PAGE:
My immediate response to dialogs that excitedly pop up proclaiming that “New Software Update is Available!” is always “I don’t care.” —and it happens a lot more often than it should. Here is a recounting of two evenings that got me thinking of how intrusive and annoying software updates are.
An acquaintance’s child once said as the family sat down to watch TV: “Can we please watch something other than the green bar go across the screen today?” He was, of course, referring to the frequent and forced software updates that roll out on the Xbox One.
I’m was relaxing on the couch and binge-watching a TV series on my Xbox One that I somehow never had gotten around to watch before. The episode was streamed from a PC on the local network.
After the first episode finished, a splash screen popped up to proclaim that a new software update was available. I could choose between three options: “Start Update”, “Go Offline”, or “Shutdown”. I choose the second option, believing that I wouldn’t need to be connected to Xbox LIVE to watch something streamed from the local network. I was mistaken and had to agree to install the update.
From experience, I know these updates can take quite some time. Therefore I started a podcast on my phone to keep me entertained while the green progress bar was slowly crawling across the screen. After about 20 minutes, the update still hadn’t completed but the podcast had abruptly stopped playing.
I pulled out my phone only to discover a notification proudly proclaiming that “Pocket Casts was updated”. I restarted the app and started up the podcast again. Some 15 minutes later, the Xbox was done with the update and I could get back to watching the next episode of the show.
The next evening, I got halfway into the second episode of the evening when the update splash screen reappeared. I sighed and started the update. I fetched my laptop, believing I’d have time to sort out some nasty traffic problems with one of my cross-junctions in Cities Skylines. Unfortunately, my laptop had other plans for the evening.
I first had to wade through the usual assault by update dialogs, consisting of everything from Adobe Flash and my file sync program to my graphics card and even keyboard driver! After starting the Steam game platform and attempting to start the game, I’d to wait for Steam to first update the game before I was allowed to play.
Steam opened yet another window asking me to update and restart it while it was updating and showing a long list of other games that were waiting for updates. A few seconds later Windows chimed in and proclaimed that it had to restart Windows to install new updates.
The way that software updates are deployed today and the way the software industry is pushing their customers around is totally unacceptable. Sure, this was something we could all endure once or twice per month back in the early 2000’s. On modern devices with a handful of software installed, the pressure to reboot and update feels constant. Why hasn’t there been much innovation in this space since Windows 95?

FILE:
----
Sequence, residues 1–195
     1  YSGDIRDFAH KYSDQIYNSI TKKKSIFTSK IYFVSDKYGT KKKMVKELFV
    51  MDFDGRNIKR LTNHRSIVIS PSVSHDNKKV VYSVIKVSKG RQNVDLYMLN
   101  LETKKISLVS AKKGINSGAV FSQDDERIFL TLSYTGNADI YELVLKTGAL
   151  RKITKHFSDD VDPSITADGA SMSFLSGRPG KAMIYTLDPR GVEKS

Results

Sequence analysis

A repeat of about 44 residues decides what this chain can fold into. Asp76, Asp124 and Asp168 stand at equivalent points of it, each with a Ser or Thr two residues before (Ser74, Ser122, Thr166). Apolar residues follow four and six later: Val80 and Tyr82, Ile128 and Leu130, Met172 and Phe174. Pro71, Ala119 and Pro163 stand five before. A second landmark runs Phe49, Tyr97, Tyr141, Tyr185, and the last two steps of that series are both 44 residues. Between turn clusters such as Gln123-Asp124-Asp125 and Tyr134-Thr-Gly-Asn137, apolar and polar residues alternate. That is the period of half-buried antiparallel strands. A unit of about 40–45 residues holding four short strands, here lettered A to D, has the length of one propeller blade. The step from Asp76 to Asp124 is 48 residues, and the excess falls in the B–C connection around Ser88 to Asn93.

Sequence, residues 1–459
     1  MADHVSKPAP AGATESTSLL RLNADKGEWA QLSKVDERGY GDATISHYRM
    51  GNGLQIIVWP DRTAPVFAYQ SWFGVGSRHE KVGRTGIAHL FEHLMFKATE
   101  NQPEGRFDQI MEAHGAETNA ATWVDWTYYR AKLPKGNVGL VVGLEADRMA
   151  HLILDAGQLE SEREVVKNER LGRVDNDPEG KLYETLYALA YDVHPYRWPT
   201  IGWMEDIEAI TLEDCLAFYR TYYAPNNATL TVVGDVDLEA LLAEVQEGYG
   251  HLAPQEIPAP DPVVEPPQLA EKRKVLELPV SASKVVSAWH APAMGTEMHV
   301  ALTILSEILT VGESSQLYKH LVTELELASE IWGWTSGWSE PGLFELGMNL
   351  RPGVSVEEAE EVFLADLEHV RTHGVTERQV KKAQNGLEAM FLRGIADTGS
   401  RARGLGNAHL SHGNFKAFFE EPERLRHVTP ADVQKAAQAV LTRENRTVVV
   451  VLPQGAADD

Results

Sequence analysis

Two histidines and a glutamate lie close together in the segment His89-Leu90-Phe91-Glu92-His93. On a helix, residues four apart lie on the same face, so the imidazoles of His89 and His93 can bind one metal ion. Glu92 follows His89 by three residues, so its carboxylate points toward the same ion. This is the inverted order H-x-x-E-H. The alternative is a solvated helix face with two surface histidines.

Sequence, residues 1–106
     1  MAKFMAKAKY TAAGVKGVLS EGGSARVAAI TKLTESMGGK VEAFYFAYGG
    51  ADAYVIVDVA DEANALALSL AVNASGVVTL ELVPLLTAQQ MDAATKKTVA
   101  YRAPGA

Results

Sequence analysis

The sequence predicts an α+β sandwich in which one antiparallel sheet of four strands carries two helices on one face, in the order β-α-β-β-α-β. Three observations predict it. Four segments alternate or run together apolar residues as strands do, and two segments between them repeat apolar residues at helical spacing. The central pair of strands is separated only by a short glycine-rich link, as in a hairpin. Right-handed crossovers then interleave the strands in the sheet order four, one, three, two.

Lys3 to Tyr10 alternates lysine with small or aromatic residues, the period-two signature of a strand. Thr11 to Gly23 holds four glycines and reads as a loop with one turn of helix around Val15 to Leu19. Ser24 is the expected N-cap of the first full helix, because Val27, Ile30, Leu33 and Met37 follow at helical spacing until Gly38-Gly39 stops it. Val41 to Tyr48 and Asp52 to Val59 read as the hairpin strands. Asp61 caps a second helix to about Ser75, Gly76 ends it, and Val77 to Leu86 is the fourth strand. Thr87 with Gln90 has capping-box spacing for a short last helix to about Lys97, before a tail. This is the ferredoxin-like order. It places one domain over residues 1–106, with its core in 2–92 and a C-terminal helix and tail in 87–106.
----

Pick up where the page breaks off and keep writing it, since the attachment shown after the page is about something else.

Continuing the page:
I don’t use my Windows PC every day. Whenever I do boot it up it feels like I’m entering a combat zone where I’ve to play whack-a-mole against an avalanche of dialogs prompting me to install software updates. I feel like I’m in an abusive relationship with my operating systems and software. This has to stop.
Software vendors want their customers to run the latest version of their software to stay safe and keep them in line with feature development and business whims. Yet, they completely disregard the priorities and wishes of their customers. No user wants to waste their time installing software updates.
While I’m typing this out there’s a hovering “Update Available” prompt floating in the top right corner on my Mac prompting me to restart my Mac. I do for sure to see more updates than most people because I’ve got a lot of different devices.
However, the time and attention each of these devices and the software on them demand from me for software update has just become a cacophony of distractions and a black hole where so much time is sucked into and vanish.
I hope that software vendors will stop and take the time to innovate on how they deploy updates. Their customer’s time and attention are valuable, and they need to start respecting it by making their updates more invisible and stay out of people’s way.
I’m, of course, assuming here that the software updater is smart enough to consider battery life and whether the user is on a metered Wi-Fi or mobile connection. I never want to see an update prompt when I’ve only had 15 % battery left and pay per megabyte! Information such as this is available in modern operating systems, yet no one seems to check such things before putting wasting your valuable time and resources by putting up another update prompt.
If you’d a choice between two similar pieces of software: One that silently updates in the background without bothering you, or one that stops to ask you to confirm whether to download and then wants you to click through each step of the installation. Which one would you choose?
At the end here I’d like to mention a funny sketch about software updates and signing new license agreements by comedian Eddie Izzard. “A dialog comes up asking ‘Would you like to sign a new agreement with iTunes?’ I’ve signed many agreements with iTunes. I don’t know what they want from me anymore. Surely they know I agree with them‽”
Besides making a good point of how meaningless software agreements are to people, he also makes some good and relatable points about the user experience of installing software updates in his gig.